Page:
See, I told you - libertarian talking points. And not even very sensible ones, given the discussion topic.

Finally, we come to this:

Buffet asserts that taxing capital income has never deterred anyone from investing. Well, then he has never discussed the issue with me or many of my friends.


Folks, Buffet is an investor, and a wise one. Now, it's true that tax rates on capital income can create distortions. If inflation is 3%, and taxes on interest income is 50%, then anything less than 6% earned interest is wasting your money - interest rates will have to start at about 10% to attract investors. (50% taxes on 10% interest gives you 5% interest - 2 points above inflation, which is generally the lowest interest that will be, well, "interesting".)

So, yes, tax policy needs to be set carefully. If you tax capital income in a foolish manner, you will distort what investments are sensible.

But people with money to invest will find a way to invest it. That's the wonder of the free market. We don't need to give them a free ride; we just need to make sure the taxes aren't so high as to discourage investment.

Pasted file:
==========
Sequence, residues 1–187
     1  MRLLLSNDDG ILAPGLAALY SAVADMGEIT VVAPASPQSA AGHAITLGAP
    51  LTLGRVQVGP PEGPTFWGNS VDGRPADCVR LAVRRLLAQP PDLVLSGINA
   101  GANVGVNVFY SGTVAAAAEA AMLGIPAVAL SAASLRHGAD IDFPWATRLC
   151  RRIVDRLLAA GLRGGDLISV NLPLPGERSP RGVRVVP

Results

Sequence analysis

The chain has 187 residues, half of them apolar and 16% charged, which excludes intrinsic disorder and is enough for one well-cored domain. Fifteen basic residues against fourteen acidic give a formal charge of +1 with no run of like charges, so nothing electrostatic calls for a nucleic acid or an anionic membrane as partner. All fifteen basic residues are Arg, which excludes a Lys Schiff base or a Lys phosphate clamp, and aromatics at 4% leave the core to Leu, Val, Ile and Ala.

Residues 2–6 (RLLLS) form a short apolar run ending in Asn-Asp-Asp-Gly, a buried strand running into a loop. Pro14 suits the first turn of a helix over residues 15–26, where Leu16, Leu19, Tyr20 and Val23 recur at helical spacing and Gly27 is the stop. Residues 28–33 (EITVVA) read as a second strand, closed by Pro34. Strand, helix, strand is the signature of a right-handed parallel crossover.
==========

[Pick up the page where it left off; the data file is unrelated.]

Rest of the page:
Are they so high they discourage investment? Well, remember the big crash in 2008? That was caused by wild levels of over-investment. Can I prove that our tax policy caused companies to leverage themselves 40-to-1, and caused them to be so greedy, so dishonest, and so stupid, as to bring us to the brink of a worse collapse? No. But let's not pretend that "investment" is a purely good thing, either. Distorted investment was at the base of a financial collapse that caused a huge amount of grief, and could have caused a lot more.

No... let's not pretend that the wealthy need a free ride, or that they shouldn't support the system that makes them wealthy, or that we have to leave them free to invest wildly, possibly causing another big bubble to pop. Let's instead consider sensible tax policies, which will, of course, include sensibly higher tax rates on the wealthiest among us.


Monday, August 15, 2011

Econ and trade, Part II

Earlier, I talked about how econ is not a moral science. Free trade always (or, nearly always) improves economic outcomes, but if a company has an advantage through, say, slavery or letting companies poison their citizenry, it doesn't mean that free trade is the right thing to do.